limitations of actions


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limitations of actions

Rules for the time limits after which one may not file a lawsuit on particular theories of recovery. Also called statutes of limitations, all states have legislation specifying the time limits. As an example, one state may say that claims for negligence must be brought within 1 year of accrual of the cause of action,claims for fraud within 1 year of discovery of the fraud,claims for breach of contract within 6 years of the breach,and claims for the recovery of land within 10 years of the trespass or other wrong to land. A cause of action accrues when the wrongful conduct has occurred and you have suffered a harm.

Example: A carpenter does a poor job building some stairs, but you have no way of knowing until the stairs collapse 5 years later. Then the cause of action for negligence accrued when the stairs fell, causing injury to you or to your property. In this situation, you would have one year from that date to file a suit. If you discover the problem earlier, your cause of action is for breach of contract, for breach of the warranty to perform in a good and workmanlike manner.

References in periodicals archive ?
95) See Limitation Act 1969 (NSW); Limitation of Actions Act 1974 (Qld); Limitations of Actions Act 1936 (SA); Limitation of Actions Act 1958 (Vic); Limitations Act 1935 (WA); Limitation Act 2005 (WA).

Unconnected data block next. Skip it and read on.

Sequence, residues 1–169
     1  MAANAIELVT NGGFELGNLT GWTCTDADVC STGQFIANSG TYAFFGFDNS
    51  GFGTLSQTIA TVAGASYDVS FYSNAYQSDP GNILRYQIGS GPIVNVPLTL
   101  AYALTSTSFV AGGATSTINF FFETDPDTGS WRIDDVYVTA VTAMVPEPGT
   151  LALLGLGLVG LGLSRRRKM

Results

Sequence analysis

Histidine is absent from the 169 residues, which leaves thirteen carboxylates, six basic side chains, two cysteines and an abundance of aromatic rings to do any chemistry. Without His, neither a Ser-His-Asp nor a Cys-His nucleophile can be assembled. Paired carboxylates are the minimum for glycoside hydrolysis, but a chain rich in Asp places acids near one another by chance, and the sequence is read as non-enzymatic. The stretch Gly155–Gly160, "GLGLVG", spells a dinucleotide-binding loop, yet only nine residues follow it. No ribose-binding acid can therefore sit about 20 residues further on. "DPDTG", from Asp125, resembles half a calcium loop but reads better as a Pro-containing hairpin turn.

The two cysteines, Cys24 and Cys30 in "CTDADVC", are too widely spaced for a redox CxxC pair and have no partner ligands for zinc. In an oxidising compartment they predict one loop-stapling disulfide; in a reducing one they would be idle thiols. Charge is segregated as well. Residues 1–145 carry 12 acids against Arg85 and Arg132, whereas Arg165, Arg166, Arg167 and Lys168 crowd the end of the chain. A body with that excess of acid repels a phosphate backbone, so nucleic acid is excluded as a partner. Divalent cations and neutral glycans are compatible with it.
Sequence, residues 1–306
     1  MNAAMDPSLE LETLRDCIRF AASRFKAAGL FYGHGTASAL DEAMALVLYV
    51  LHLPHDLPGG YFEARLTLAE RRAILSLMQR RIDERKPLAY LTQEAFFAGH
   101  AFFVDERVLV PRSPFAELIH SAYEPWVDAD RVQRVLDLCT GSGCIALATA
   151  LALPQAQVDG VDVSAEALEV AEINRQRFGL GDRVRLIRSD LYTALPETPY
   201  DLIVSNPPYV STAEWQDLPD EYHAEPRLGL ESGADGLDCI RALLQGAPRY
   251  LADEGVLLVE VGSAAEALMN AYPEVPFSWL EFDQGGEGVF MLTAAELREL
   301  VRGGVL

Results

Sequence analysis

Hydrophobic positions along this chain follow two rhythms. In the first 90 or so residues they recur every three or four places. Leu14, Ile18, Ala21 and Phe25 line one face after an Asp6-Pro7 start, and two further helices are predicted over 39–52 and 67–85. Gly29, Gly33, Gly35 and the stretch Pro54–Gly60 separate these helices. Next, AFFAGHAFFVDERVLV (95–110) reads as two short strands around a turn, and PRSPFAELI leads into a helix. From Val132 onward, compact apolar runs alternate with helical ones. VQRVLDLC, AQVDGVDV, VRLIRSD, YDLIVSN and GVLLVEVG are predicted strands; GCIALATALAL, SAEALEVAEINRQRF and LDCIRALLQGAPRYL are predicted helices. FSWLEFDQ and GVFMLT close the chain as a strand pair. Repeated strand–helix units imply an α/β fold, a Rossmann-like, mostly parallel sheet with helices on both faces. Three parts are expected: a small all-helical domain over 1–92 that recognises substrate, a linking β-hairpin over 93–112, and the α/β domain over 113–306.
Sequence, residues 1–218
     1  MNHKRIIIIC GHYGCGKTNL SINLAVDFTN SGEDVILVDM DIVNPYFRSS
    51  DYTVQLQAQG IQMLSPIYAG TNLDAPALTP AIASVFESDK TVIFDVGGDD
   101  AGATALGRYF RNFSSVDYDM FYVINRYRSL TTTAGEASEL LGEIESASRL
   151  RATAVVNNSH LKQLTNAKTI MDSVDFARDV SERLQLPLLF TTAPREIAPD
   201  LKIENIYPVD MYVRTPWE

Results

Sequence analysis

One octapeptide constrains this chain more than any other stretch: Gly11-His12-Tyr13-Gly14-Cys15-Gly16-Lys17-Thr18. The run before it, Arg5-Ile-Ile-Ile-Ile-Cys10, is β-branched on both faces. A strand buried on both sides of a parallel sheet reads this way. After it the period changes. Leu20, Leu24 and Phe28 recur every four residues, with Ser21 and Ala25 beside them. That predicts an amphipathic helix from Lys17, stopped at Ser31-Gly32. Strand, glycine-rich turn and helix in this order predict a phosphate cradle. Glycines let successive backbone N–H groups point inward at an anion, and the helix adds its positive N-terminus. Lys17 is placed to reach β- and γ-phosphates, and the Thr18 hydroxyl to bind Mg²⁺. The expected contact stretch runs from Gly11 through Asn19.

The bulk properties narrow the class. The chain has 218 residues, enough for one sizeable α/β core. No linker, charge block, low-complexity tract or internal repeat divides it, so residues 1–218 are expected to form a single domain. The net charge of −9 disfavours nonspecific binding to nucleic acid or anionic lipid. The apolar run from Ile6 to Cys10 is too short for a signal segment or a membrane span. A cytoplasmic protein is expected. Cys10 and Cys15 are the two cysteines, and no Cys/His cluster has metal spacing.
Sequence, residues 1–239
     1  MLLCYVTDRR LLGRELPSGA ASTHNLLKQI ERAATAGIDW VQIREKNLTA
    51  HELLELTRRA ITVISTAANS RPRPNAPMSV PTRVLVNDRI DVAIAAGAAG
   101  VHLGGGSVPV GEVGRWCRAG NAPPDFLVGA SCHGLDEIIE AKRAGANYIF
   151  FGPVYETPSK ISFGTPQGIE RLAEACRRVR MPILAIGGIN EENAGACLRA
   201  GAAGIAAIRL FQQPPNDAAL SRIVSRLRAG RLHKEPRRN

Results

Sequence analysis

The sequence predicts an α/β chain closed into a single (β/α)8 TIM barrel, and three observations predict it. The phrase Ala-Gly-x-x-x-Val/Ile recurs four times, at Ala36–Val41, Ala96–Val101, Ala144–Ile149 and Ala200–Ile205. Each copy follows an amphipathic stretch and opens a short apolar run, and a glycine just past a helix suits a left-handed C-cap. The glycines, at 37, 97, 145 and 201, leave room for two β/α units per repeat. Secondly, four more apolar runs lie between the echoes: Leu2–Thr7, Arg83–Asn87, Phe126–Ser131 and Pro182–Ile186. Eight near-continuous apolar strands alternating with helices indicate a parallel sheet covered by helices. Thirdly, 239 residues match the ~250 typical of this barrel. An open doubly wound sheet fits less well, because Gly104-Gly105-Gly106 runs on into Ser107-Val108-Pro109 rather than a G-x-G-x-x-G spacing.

97) The South Australian legislation, Limitations of Actions Act 1936 (SA), is most closely aligned to old imperial sources and bears a striking resemblance to the English statute, the Real Property Act 1833, 3 & 4 Geo 4, c 27.
Dollase, Comment, The Appeal of Rind: Limitations of Actions in Securities and Exchange Commission Civil Enforcement Actions, 49 Bus.
To approach the subject more substantively, state laws and judicial decisions differ widely on the subject of limitations of actions.
The applicable version of s 23A was that introduced by the Limitations of Actions (Personal Injuries') Act 1972 (No 8300 of 1972).
44) The Committee on the Limitations of Actions ('Tucker Committee'), Report of the Committee on the Limitation of Actions, Cmd 7740 (1949) [23] ('Tucker Report').
63) The court was unconcerned that borrowing state rules upholding or invalidating contractual limitation periods would result in interstate variation as to the validity of such periods, arguing that "by enacting section 1981 without a statute of limitations, Congress implieed that it is willing to live with a wide range of state statutes and rules goveming limitations of actions under section 1981.